Fukushima nuclear plant still plagued by tainted water 6 years after meltdowns

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Workers bring in a new water tank, right, as a replacement for an old contaminated water tank at TEPCO’s No. 1 nuclear power plant in the town of Okuma in Fukushima Prefecture on Feb. 24, 2017

OKUMA, Fukushima — With two weeks to go until the sixth anniversary of the disaster at Tokyo Electric Power Co. (TEPCO)’s Fukushima No. 1 Nuclear Power Plant here, the Mainichi Shimbun visited the plant on Feb. 24, obtaining a first-hand view of working conditions and the persisting problem of tainted water.

The number of areas on the plant site requiring full face masks has decreased considerably, and the overall working environment has improved greatly. However, the issue of having to replace the tanks that hold radioactively contaminated water lingers.

Dealing with contaminated water requires significant manpower. According to TEPCO, about half of the approximately 6,000 people working daily at the No. 1 nuclear power plant are involved in handling contaminated water.

There are roughly 1,000 tanks of contaminated water inside the No. 1 plant site, forming a forest of containers with nowhere else to go.

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A worker makes checks with a hammer on an impermeable wall near TEPCO’s No. 4 reactor in the town of Okuma in Fukushima Prefecture on Feb. 24, 2017

During the immediate aftermath of the nuclear disaster in 2011, a considerable number of tanks known as flanges were placed within the site. However, as concerns continue to grow about contaminated water leaking from these tanks due to dilapidation, TEPCO has taken action and is working on dismantling them.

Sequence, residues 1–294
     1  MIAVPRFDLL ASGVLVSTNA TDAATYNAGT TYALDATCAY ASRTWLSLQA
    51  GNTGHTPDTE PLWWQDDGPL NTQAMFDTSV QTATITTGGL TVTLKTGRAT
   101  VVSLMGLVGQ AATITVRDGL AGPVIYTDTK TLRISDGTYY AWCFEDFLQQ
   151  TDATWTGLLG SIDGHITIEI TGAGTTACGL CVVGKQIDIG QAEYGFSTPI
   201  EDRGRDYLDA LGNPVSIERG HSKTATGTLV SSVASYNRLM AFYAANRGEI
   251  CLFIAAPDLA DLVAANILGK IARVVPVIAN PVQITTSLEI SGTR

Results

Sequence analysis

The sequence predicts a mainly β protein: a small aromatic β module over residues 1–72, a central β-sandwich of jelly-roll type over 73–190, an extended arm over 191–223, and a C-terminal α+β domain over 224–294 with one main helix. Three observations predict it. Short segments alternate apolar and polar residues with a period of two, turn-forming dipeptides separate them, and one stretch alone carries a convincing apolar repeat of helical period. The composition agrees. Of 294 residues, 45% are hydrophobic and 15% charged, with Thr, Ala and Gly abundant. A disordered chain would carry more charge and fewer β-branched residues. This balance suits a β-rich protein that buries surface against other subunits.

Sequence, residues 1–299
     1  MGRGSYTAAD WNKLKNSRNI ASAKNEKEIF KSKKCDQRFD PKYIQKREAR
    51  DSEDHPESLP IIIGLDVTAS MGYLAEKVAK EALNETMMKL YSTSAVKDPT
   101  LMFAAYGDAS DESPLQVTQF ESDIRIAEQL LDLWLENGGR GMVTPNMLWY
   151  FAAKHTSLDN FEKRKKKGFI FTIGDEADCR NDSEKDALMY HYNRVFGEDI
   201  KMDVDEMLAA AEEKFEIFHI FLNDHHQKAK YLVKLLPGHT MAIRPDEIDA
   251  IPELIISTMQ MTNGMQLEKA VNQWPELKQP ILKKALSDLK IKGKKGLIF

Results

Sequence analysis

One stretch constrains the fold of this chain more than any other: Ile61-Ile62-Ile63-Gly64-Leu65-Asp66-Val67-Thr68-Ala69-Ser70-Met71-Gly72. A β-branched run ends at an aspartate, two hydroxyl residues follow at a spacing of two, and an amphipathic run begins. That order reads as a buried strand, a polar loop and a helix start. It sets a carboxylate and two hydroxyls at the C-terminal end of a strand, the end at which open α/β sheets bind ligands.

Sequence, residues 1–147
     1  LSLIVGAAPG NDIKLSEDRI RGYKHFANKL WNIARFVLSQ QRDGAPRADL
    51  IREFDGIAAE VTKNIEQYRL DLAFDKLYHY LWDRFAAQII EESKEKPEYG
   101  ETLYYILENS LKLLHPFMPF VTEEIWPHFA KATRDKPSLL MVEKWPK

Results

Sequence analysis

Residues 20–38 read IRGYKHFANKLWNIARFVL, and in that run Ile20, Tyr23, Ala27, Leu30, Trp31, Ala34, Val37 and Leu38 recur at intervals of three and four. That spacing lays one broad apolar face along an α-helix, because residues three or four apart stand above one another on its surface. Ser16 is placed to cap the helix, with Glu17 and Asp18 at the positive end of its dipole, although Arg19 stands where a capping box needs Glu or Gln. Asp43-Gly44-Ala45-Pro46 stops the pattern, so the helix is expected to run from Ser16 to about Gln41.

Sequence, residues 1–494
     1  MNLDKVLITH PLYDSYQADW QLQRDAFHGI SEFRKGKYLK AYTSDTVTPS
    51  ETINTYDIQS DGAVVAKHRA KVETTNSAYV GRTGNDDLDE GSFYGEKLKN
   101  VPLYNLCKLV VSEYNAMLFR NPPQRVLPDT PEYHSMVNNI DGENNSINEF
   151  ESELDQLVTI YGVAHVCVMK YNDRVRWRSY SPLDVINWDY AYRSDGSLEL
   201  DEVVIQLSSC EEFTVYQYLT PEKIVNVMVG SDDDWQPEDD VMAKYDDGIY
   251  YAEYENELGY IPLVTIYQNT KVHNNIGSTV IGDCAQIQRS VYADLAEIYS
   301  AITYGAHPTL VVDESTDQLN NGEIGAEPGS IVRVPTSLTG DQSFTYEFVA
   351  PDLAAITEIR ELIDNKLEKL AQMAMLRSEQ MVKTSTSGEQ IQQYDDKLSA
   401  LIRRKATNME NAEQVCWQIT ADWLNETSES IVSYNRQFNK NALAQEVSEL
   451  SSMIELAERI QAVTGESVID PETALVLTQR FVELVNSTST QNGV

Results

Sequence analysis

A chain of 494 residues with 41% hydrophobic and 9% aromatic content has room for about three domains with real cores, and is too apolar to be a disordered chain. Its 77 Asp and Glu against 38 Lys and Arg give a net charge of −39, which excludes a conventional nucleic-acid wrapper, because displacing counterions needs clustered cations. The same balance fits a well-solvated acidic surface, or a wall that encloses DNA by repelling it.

Although covering the ground at the No. 1 plant with concrete has made it possible to work in about 90 percent of the site without a protective uniform, all those working near the old tanks must wear full face masks and Tyvek suits as the tanks once held highly contaminated water. Wearing this kind of protective clothing makes the work much harder to perform — as it can be difficult to breathe — and it is physically exhausting, even in the middle of winter.

Hiroshi Abe, 55, of Shimizu Corp. — the company overseeing the dismantling work — states, “As we work toward recovery from the disaster, we want to ensure that all workers are protected from radiation exposure and injuries.”

Presently, the level of radiation in the vicinity of the buildings housing the No. 1, No. 2, and No. 3 reactors is high. During the Mainichi Shimbun’s visit to the site on Feb. 24, the radiation level near the No. 3 reactor was found to be more than 300 microsieverts per hour, and near the No. 2 reactor building, it was discovered to be 137.6 microsieverts per hour.

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A radiation measuring device shows a reading of 137.6 microsieverts per hour near TEPCO’s No. 2 reactor in the town of Okuma in Fukushima Prefecture on Feb. 24, 2017.

Furthermore, an “ice wall,” which was built to restrict the flow of contaminated water underground, has not been as effective as initially expected.

A spokesman for TEPCO, Takahiro Kimoto, who accompanied the Mainichi Shimbun on this visit, said, “Nearly six years have passed since the disaster. Our decommissioning work is now about to enter the main stage of extracting melted fuel.”

However, with TEPCO and the government’s decommissioning work set to continue until around 2041-2051, there is still a long way to go until they can reach the “main stage.”

http://mainichi.jp/english/articles/20170225/p2a/00m/0na/010000c

 

 

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